We followed the pediatrician’s advice and took Dessa to a local allergist. If you’ve never had to take your child to the allergist, consider yourself lucky. It’s standard practice with a suspected food allergy to perform the usual scratch test on the back, but it is just so awful when you have an infant or very young child who has no idea what is going on and can’t be reasoned with. Needless to say, Dessa hated having her back scratched and we had to find creative ways to hold our baby and keep her from having a total meltdown without touching the test site on her back and cross-contaminating the results. When the test was finally over and we were able to properly snuggle and comfort our daughter, we were told that the tests were inconclusive – which is very common for infants that young. The allergist couldn’t say definitely whether Dessa was allergic to dairy, soy, or anything else. We were instructed to continue a dairy-free diet for her, while continuing to monitor her diapers for any additional mucus, which would require us to cut more foods from her diet. Even more frustrating than the inconclusive test was the fact that we later received a bill for a few hundred dollars. I was so irritated that Dessa had to suffer and through a very expensive test that the allergist knew was probably going to be inconclusive before they even administered it to her.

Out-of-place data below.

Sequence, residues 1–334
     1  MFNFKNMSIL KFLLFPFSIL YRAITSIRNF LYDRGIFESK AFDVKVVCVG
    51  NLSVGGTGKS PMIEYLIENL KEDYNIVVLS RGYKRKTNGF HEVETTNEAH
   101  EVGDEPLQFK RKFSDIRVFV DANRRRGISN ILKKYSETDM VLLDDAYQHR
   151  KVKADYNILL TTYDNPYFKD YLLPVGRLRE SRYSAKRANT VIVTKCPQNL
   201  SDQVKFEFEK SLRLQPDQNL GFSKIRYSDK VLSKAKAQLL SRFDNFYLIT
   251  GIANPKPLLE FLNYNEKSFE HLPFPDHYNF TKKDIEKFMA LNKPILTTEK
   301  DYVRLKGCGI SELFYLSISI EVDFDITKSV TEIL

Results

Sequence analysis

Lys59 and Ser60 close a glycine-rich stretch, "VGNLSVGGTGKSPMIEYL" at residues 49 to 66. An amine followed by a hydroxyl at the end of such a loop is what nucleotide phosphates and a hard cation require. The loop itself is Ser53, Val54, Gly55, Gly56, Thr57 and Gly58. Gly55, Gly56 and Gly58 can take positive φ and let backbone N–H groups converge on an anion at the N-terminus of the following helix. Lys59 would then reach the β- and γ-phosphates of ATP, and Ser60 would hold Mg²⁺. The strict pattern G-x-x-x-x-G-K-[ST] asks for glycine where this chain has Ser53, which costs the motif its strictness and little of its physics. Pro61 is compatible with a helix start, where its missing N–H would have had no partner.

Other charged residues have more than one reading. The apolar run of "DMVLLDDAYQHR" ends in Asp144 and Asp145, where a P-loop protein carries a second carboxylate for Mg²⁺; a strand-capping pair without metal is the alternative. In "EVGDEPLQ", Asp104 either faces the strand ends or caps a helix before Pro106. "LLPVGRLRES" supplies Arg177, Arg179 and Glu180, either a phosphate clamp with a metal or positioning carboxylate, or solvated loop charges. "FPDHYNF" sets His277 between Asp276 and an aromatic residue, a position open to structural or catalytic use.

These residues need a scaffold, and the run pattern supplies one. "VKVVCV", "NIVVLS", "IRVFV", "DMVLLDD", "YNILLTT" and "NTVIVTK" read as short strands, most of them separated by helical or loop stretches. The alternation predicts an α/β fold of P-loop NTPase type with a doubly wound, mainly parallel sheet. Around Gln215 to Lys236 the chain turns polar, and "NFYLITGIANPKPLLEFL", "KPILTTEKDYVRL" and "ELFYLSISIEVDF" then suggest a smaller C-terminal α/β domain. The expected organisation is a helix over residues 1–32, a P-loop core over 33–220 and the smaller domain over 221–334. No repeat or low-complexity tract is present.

Goodbye Dairy Allergy, Hello Sesame Allergy
June 2018 – 11 Months Old
Months went by with Dessa’s dairy-free diet and our little girl started to devour just about any solid food we fed her. Fruits, veggies, grains … Dessa loved it all and transitioned beautifully from formula to rice cereal and purees to solid finger foods.
One day, I fed Dessa hummus and noticed that her face turned a little pink while she was still in her highchair. It was very subtle, and I looked at her from a variety of angles just to make sure it wasn’t a reflection from her bib or clothes. I let Dessa finish eating, took her out of the highchair, and looked carefully at her face. Sure enough, it was distinctly pinker than before. Not an alarming amount, but definitely not her usual color. I gave her a dose of children’s Benadryl and her normal coloring returned within a few minutes. I figured she probably had an allergy to something in the hummus. We had a six-month follow-up visit at the allergist soon, so I held off on feeding her any more hummus until after we spoke to the doctor.
When the appointment finally arrived, Dessa faced another scratch test for several common food allergens – including dairy and soy. I told the doctor about Dessa’s reaction when eating hummus and they checked her for a sesame allergy as well. I was nervous about subjecting Dessa to another inconclusive scratch test, but the doctor reassured me that the test would be much more helpful this time around since Dessa was bigger and older.
It took some creativity, patience, and a few tears, but we all survived the skin test once again with a mix of good and bad news. The results indicated that Dessa was clear of her dairy allergy but was allergic to sesame.
The doctor instructed us to introduce dairy into Dessa’s diet but cautioned to so do very slowly and keep an eye out for any changes in her stool or behavior that would indicate she still had an intolerance for dairy. We followed the doctor’s advice, took things very slow, and didn’t notice any changes along the way.